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FANS REWARDED - WITH SHAFT : ONCE WE WERE KINGS.

Byline: JARRE FEES

Mark Messier once struck up a conversation with an American on a plane who asked if he played for the Oilers.

Coming off the high after one of Edmonton's Stanley Cups, Messier was elated that the small Canadian franchise was winning some recognition stateside - until he realized the guy had meant the Houston Oilers all along.

The next time someone asks a hockey player that question, there won't be any confusion.

Owner Peter Pocklington, a man so cheap he gave fake diamond rings to the coaches who won him the 1984 Stanley Cup, is expected to announce today he has reached a formal agreement to sell the Oilers, the team he started dismantling in 1988 when he sold - excuse me, traded -Wayne Gretzky to the Kings for $15 million.

The deal: Houston Rockets owner Leslie L. Alexander will buy the Oilers for $85 million and keep them in Edmonton.

The catch: If the Oilers fail to show a profit within three years - coincidentally the same amount of time it will take Alexander to build a new stadium in Houston - his contract will allow him to move the Oilers out of Edmonton.

Well knock me down with an eyelash.

To hear Pocklington tell it, the Oilers have never, ever shown a profit, and depending on your definition of the word, he's probably right.

Two local groups are also trying to buy the team, to keep it permanently in Edmonton: one headed by Alberta businessman Robert Proznik and a second group that includes Jim Hole, former president of the Canadian Football League's Edmonton Eskimos.

Under a 1994 agreement with city officials, either group, or anyone else, for that matter, can purchase the Oilers for just $70 million if they agree to keep the team in Edmonton.

Trouble is, in spite of all the noise both groups are making, neither has come up with anything approaching that figure.

Which, sadly, leads us back to Houston.

It's not that we don't understand why a small market such as Edmonton can't keep pace with escalating salaries and ticket prices.

It's not even that we would mind seeing an NHL team in Houston, a place so hot most people have never seen a sheet of ice except on a frozen turkey.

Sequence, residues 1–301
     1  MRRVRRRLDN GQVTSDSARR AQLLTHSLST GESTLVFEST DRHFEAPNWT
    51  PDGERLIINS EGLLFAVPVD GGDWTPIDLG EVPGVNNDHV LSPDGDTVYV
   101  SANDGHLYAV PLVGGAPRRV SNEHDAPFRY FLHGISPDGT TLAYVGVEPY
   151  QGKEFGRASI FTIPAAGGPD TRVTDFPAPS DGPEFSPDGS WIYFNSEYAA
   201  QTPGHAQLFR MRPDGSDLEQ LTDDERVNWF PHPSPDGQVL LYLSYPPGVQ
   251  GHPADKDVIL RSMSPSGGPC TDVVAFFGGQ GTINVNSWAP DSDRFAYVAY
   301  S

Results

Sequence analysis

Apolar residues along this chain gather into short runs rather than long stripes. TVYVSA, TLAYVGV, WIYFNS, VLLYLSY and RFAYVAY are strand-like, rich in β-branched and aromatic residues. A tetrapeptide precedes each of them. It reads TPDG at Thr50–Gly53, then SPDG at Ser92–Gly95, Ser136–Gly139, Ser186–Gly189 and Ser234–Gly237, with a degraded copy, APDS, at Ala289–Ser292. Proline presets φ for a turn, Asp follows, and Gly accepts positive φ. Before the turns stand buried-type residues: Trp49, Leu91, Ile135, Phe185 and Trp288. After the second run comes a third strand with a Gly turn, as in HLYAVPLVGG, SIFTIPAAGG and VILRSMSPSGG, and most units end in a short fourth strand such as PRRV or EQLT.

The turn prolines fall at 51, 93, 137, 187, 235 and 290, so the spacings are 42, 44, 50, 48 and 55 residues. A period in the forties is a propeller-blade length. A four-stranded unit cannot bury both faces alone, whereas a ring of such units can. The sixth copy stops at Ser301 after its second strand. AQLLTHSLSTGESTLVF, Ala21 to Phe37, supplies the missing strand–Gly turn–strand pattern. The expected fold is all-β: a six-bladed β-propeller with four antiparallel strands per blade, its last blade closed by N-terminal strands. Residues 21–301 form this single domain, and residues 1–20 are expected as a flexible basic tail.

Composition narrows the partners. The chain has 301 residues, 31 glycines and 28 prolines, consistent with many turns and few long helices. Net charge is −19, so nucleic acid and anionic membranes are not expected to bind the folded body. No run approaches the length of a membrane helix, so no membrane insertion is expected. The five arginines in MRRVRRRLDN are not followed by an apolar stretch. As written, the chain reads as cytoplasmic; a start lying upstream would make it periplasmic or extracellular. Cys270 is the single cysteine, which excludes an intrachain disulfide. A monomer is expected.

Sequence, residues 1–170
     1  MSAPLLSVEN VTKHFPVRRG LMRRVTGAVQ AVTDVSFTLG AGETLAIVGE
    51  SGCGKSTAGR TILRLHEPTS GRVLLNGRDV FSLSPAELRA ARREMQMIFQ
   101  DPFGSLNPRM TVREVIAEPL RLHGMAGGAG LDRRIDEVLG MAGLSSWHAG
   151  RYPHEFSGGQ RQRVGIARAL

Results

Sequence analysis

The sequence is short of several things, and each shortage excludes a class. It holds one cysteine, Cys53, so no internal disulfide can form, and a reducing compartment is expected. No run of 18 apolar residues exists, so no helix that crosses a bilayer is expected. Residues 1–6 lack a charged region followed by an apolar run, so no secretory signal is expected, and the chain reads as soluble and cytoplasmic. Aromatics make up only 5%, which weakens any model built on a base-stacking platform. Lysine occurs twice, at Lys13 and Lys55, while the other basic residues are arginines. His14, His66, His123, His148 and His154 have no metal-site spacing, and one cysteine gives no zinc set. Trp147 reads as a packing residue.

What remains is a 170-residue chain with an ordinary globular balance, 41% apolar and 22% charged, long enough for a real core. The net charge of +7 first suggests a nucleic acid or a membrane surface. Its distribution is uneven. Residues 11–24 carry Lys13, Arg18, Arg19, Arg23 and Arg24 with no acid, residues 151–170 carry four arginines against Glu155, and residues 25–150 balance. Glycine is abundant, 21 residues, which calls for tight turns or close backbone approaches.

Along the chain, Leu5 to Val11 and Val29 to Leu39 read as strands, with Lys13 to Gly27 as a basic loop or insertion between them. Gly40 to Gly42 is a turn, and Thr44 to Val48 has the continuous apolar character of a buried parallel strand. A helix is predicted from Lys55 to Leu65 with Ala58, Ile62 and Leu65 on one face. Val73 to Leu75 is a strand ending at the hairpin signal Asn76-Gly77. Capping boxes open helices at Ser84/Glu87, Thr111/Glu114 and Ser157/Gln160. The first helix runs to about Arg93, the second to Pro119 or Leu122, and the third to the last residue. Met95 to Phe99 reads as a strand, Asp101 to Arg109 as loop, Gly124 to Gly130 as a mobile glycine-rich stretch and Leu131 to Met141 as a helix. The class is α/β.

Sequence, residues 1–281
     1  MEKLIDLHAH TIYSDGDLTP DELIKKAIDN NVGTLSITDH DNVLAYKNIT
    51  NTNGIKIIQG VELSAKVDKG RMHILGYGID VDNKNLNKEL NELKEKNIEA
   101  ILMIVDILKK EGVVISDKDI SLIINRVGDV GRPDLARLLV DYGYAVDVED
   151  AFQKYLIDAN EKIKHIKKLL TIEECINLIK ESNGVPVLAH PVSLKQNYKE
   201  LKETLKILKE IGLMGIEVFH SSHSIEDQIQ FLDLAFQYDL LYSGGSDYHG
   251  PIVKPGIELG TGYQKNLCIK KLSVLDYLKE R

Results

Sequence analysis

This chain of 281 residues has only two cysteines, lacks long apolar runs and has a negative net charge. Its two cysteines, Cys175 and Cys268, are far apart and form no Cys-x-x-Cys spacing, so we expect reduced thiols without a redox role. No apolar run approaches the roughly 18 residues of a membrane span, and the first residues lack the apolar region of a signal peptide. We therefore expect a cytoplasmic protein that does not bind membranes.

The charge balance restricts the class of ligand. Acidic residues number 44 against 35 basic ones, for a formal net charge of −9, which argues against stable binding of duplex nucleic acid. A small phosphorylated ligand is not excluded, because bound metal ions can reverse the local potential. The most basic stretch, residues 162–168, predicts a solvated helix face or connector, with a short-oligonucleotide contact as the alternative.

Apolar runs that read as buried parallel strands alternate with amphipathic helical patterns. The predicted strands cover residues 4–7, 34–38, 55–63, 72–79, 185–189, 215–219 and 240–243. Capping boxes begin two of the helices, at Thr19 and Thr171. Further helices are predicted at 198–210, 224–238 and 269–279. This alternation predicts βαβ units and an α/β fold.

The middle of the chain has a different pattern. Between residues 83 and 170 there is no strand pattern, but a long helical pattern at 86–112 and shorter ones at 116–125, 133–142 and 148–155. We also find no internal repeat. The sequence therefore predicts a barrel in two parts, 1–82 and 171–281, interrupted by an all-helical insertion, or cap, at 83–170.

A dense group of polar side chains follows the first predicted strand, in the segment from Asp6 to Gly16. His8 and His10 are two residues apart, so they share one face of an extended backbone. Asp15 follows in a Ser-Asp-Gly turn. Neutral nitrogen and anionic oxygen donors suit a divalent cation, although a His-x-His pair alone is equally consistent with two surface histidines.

It's that a team of young players, built mostly through the draft and led by Gretzky and Messier, once moved through those halls at Northlands Coliseum; were once so naive the players sang on that bench when they got nervous . . . and those naive players one day rose up and took down the mighty New York Islanders and anyone else who got in their way on the road to five Stanley Cups.

A piece of history gets torn down every day.

Pocklington, who has also dabbled in oil, real estate, a car dealership, a meat packing plant and a failed 1981 attempt at the leadership of Canada's Progressive Conservative party, will finally get what he wants: a tall pile of cash.

Les Alexander will also get what he wants: a new Houston arena occupied by basketball and hockey teams he can call his very own.

With both owners walking away with their hands full, Edmonton fans get what loyal fans always get, every time this happens: the shaft.

Oh, and in the remote, snowball's-chance-in-Shreveport possibility that the Oilers do happen to show a profit within three years, not to worry. Alexander will sell the team to those local buyers - the ones who can't seem to come up with the money right now - and slink back to Texas.

But take heart. If that happens, the NHL has promised Alexander an expansion team just about the time his brand new stadium is finished.

In their thorough background check of Steven Gluckstern, current owner of the Phoenix Coyotes and future owner of the Islanders, the NHL has acquired a videotape of Gluckstern seated next to President Clinton at an Oval office luncheon for potential contributors. Gluckstern later donated $50,000 to the Democratic National Committee, including $30,000 in so-called ``soft money'' - but there's nothing illegal about his donation, at least under current law.

Gluckstern, who was a teacher and superintendent of schools in Telluride, Colo., before making his fortune in the re-insurance industry, says he made the contribution because he liked Clinton's views on education.

Education, huh? Maybe Gluckstern could teach those wanna-be Edmonton owners how to work the math.

Cap Raeder was a Kings assistant coach from 1988-95, working with goaltenders and special teams. He also edited team videos, pulling out highlights - and lowlights - for coach and player education, and frequently, their entertainment.

Raeder was an All-American goaltender at the University of New Hampshire and was back-up goalie for the WHA's New England Whalers, going 12-11-1 from 1975-77. He also played in the East Coast Hockey League, where during one game, an angry fan threw a set of car keys onto a player and the offended team climbed up into the stands for a free-for-all.

Paul Newman happened to be in attendance that night, researching his role in ``Slap Shot,'' and the scene went into the movie.

Raeder was a Boston Bruins assistant during the 1996-97 season. Starting in January, he will do color commentary for Fox New England sports network; he's also a scout for the San Jose Sharks. He and his wife Wendy live in Needham, Mass., with their three children.

CAPTION(S):

Photo, Box

Photo: no caption (Cap Raeder)

Box: ONCE WERE KINGS (see text)
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Copyright 1997, Gale Group. All rights reserved. Gale Group is a Thomson Corporation Company.

 
Article Details
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Title Annotation:SPORTS
Publication:Daily News (Los Angeles, CA)
Date:Nov 4, 1997
Words:914
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